Robert Frost predicted the victory of John F. Kennedy in the Presidential election of 1960. Frost was asked to appear in the inauguration ceremonies, and wrote a new poem for the occasion. He was however unable to read it in the glare of the bright January sunlight and instead recited The Gift Outright from memory.

Robert Frost's problems continued with a hospitalization for pneumonia in February, 1962. Weakened and exhausted, he still accepted an invitation by President Kennedy to go to Russia as part of a cultural exchange program. When he was unable to attend the function due to illness and exhaustion, the Soviet Premier came to visit him, holding some 90 minutes of conversation with him. Frost, upon his return to the US, told reporters that Soviet Premier Nikita Khrushchev had said "we were too liberal to fight', a quote which chilled the relationship Frost enjoyed with Kennedy. Later that same year, Frost disallowed the famous quote during the Cuban Missile Crisis. Frost underwent yet another surgery in December 1962 for cancer, this time of the prostate and bladder. He suffered a pulmonary embolism on December 23, 1962.

Robert Frost had another embolism on January 7, 1963. He died on January 29, 1963 shortly past midnight. His private memorial service for friends and family was held at Harvard's Appleton Chapel. A service for the public was held at Amherst College's Johnson Chapel. He was cremated and his ashes rest at the family plot in Old Bennington, Vermont just behind the Old First Congregational Church. Upon his tombstone is inscribed "I had a lover's quarrel with the world".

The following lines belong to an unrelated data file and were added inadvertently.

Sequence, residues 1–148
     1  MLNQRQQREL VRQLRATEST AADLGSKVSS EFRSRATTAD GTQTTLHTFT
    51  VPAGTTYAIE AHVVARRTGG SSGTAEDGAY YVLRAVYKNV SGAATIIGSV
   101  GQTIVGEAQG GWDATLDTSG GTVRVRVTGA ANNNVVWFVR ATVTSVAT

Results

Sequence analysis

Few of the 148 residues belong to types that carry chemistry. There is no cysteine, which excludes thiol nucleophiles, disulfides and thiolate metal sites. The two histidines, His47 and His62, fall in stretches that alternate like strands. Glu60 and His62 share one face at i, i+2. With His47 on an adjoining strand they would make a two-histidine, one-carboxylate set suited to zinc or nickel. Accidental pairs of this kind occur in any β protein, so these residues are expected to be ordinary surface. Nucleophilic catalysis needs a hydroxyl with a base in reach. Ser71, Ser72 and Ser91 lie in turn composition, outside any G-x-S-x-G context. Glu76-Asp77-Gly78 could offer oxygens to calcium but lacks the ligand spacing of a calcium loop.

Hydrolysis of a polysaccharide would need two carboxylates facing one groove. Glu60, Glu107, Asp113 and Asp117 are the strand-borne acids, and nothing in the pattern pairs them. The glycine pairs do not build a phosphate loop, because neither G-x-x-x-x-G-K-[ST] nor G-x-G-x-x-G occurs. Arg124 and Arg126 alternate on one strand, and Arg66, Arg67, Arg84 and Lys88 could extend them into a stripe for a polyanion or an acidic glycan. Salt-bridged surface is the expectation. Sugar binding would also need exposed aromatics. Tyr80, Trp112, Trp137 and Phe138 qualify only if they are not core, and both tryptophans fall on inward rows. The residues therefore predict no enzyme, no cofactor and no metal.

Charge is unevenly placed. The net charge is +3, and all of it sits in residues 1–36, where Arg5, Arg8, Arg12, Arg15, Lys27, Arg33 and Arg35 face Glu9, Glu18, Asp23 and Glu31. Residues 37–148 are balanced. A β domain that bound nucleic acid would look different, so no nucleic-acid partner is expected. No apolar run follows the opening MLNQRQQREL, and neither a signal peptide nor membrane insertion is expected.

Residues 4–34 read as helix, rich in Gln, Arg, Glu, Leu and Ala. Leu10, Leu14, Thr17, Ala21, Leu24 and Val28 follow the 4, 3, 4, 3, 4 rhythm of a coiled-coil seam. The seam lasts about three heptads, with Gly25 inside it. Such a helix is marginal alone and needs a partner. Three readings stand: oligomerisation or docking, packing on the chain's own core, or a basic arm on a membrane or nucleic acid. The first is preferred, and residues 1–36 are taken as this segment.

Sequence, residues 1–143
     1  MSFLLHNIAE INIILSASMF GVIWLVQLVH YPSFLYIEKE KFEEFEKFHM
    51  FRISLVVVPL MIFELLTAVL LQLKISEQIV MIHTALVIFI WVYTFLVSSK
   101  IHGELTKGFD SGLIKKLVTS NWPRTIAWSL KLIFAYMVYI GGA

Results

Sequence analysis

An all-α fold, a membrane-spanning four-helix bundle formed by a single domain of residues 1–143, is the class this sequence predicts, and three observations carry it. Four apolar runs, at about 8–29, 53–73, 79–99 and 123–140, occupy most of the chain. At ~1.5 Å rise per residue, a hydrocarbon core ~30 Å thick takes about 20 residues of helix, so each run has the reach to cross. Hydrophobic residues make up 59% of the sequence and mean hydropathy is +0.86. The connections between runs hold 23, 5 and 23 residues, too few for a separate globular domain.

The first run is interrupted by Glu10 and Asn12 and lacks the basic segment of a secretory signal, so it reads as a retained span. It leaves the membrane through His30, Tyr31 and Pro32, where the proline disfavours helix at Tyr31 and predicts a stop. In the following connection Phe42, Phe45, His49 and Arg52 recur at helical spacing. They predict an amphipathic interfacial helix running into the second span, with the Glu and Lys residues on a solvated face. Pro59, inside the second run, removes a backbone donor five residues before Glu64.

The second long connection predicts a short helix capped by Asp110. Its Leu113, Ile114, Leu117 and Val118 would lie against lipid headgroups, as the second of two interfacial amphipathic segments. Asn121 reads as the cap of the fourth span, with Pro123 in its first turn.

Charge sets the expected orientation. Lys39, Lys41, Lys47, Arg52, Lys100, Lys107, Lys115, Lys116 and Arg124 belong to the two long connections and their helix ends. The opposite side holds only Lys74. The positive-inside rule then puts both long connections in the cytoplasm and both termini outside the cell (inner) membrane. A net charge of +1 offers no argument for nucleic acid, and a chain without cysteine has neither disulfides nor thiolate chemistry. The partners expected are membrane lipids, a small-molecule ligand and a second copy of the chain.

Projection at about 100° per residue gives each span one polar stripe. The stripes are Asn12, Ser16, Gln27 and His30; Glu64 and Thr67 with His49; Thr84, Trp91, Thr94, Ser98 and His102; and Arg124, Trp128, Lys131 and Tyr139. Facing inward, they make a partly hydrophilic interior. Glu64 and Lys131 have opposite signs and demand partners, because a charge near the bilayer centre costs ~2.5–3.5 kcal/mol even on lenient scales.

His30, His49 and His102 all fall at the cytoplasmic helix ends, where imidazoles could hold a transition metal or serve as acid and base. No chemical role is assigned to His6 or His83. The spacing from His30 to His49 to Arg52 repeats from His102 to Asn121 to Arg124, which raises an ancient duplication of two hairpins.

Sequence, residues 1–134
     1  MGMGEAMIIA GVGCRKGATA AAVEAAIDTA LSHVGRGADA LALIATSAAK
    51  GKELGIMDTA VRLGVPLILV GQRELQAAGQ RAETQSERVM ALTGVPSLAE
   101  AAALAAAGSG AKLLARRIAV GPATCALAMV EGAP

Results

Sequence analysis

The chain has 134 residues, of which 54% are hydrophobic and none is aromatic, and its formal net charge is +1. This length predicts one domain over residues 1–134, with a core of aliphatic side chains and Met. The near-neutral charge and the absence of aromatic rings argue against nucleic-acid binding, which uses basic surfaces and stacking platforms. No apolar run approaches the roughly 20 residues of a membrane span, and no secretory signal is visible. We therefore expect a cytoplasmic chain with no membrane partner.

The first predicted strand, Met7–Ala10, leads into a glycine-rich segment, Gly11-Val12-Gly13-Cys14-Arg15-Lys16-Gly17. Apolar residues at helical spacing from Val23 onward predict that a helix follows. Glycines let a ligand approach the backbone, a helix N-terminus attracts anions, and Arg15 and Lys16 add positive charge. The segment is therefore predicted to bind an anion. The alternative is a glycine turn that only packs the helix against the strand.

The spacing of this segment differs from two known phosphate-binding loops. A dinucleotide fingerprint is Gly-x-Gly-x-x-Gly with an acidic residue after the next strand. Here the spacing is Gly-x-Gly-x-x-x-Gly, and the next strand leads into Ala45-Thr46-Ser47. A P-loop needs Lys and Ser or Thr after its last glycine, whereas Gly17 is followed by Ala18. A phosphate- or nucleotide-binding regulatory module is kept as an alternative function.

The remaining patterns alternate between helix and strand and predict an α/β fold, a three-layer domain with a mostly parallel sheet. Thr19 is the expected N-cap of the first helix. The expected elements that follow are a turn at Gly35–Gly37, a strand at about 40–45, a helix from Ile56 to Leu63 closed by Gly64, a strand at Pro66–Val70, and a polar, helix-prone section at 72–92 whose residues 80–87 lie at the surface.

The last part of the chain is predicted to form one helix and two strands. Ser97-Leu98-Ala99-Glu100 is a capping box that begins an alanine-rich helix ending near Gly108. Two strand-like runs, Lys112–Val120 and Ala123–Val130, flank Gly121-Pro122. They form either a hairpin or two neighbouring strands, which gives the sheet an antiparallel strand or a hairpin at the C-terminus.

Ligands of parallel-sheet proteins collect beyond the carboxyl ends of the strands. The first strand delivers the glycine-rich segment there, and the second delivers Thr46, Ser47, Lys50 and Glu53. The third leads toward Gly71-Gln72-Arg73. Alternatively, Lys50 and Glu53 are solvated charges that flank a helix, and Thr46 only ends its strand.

One could speculate many things concerning Robert Frost. From his childhood record of hearing voices to his family's history of mental instability, one could speculate that Robert Frost barely avoided the family propensity for madness and instead ventured down the path into genius. One could speculate about the close relationship between madness and genius, how a person goes down one path and not another, that truest example of the road not taken. Frost's father, though not an attractive character, may have suffered from a similar instability, giving some excuse if not justification for his excessive behaviors. Frost's mother also may have exhibited a disposition to mental instability. It was she who told young Robert that his voices were a gift, one she shared with him. That episode today would be a red flag requiring the services of a mental health professional. Whether it was a sign of a problem or not became irrelevant as she turned a negative into a positive for her son. Robert Frost himself was known to have his bouts of depression, but given the circumstances surrounding him, to avoid depression would have been a Hurculean task indeed.

Robert Frost succeeded because he never gave up. Somewhere he found the strength to continue when circumstances dictated surrender, an ability to still hear his Muse.